Bella is an antidote for an industry that offers an endless diet of unremitting cynicism and suffering. You deserve this piquant slice of life spiced with hope and a fresh green sprig of cilantro.

—Kathy Borich

Film-Loving Foodie

There is something about cooking that bares our souls. A sweet intimacy with soft dough and fresh herbs that makes candor and yes, even love flourish. (See RatatouilleBig Night, and Mostly Martha)

We see the wonder of it not so much in Manny’s restaurant kitchen, where culinary whimsy bows to efficiency and the bottom line, but in the warm and friendly kitchen of Manny and Jose’s parents. Their dinner is a feast for eyes as well as the palate, their tri colored rice a salute to the colors of Mexico, and their purple tortillas a taste of royalty.

But the real work gets done when Jose and Nina visit an upscale New York restaurant, and Jose lands a job interview for newly fired Nina in between courses of the delicious Paella he treats her to.

If you haven’t had this wonderful Spanish dish, be prepared to be awed. But there’s no rush. Why not start with some delicious Tortilla Soup.

Spanish Paella

If you want an easy-to-do simple paella recipe, just knock on us... This is the easier paella recipe you can find anywhere!

Serves: 6-8
Difficulty: Intermediate
Preparation time: 60-90 minutes


  • 1/2 pint of oil
  • 2 bowls of rice (1lb. 5 oz. approximately)
  • 5 bowls of fish broth
  • 1/2 lb. of shrimps
  • 2 mid-sized squids
  • 2 lb. of mussels or clams
  • 1 green pepper
  • 1 red pepper
  • 1 small can of peas
  • 1 small onion
  • 2 tomatoes
  • Saffron
  • 1 clove of garlic (optional)
  • Parsley
  • Salt


Start to heat half of the oil and once warm toss the chopped onion. After 5 minutes, add diced tomatoes, without seeds and peeled. Let it braise about 5 minutes more, mashing the tomatoes with a skimmer. Strain it and throw it in the paella pan.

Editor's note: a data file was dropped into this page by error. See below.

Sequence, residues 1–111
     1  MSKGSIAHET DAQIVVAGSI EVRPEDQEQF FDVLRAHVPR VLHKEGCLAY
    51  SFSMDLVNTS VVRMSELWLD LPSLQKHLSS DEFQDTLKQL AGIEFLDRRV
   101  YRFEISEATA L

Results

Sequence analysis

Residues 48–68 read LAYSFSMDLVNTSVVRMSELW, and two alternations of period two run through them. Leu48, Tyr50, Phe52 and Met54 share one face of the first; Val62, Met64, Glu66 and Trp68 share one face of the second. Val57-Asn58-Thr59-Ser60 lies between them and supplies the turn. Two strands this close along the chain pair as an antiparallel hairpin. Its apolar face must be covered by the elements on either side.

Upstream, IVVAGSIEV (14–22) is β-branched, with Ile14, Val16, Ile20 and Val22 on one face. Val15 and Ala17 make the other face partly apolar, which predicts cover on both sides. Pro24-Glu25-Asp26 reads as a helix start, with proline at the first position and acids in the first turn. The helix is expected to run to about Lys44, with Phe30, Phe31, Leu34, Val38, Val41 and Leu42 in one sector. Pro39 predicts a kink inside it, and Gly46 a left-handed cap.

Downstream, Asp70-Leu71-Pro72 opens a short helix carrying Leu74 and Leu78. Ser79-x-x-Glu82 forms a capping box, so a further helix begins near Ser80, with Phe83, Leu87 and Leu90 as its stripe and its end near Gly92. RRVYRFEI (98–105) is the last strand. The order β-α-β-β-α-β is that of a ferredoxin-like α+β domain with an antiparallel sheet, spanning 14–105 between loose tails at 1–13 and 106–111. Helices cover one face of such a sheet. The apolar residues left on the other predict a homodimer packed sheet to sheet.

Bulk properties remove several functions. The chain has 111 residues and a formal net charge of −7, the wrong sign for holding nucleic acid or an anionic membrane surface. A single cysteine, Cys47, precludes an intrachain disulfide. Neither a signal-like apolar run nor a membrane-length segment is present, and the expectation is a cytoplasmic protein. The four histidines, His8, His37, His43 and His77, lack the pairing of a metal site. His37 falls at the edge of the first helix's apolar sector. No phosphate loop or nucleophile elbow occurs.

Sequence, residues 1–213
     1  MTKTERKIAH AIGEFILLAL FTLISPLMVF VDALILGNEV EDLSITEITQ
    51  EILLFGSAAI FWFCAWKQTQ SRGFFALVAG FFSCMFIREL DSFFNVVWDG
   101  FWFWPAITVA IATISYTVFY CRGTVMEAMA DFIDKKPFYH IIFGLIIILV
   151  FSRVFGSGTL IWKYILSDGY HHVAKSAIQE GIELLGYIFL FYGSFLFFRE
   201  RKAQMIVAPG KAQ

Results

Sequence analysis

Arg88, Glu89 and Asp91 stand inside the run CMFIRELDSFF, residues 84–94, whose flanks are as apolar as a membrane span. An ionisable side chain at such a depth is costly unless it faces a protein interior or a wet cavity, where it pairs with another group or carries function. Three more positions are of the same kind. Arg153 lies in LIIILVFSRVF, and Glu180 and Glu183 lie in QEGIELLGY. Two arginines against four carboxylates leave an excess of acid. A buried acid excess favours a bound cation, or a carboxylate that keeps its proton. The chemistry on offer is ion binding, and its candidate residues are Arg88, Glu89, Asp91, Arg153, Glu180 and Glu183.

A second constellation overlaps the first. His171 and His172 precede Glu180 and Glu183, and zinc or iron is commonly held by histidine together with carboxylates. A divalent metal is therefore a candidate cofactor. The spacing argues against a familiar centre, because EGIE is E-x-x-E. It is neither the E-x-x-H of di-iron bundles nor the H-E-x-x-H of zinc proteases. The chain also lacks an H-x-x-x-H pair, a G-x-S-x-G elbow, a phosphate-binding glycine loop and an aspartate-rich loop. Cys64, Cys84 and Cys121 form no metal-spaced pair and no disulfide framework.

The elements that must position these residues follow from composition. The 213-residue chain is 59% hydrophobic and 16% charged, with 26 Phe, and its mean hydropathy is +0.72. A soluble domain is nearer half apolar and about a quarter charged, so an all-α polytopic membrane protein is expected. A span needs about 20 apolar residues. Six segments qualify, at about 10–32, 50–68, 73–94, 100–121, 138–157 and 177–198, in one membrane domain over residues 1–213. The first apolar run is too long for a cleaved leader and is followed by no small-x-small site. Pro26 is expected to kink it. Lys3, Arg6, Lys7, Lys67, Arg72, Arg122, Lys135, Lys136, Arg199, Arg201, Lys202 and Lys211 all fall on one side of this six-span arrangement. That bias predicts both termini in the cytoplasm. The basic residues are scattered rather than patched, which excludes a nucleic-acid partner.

In a pot, begin to cook in cold water the shells of the shrimps, reserving the tails. In another ladle cook the mussels with little water (well washed before with water and salt). As soon as the shells open up, take them away and take off the half that doesn't have the bug, reserving the other halves and straining for a very fine strainer the broth where they have cooked, as well as that of the waste of the shrimp.

Add the rest of the oil to the paella pan. Throw the green pepper, cut to square pieces of half inch. Add the cut squid to ribbons or in fine hoops and the rice. Keep stirring with a wooden tablespoon, without letting it go brown. Throw salt, and the broth of the remains of fish, hot but not boiling. This is completed with the 5 broth bowls. Shake the paella pan a little taking it by the handles so that it is broth flows all over. All this should be made to medium fire.

Meanwhile, in a mortar mash a little bit of garlic (optional), the parsley and the saffron, with a little bit of salt so that it doesn't slip, and it wet it with a couple of soup spoonfuls of temperate water. Spill this mixture on the rice and shake again the paella pan. Incorporate now the shrimps tails and when the broth has reduced to the half decorate the paella with the red pepper cut to ribbons, the mussels and the peas.

Let it cook about 20 minutes.

Once the rice is cooked and the broth has reduced, retire the paella pan from the fire, on a wet cloth, leaving it rest for about 5 minutes.

Serve it with some big clusters of lemon without peeling for decoration.

Recipe Source: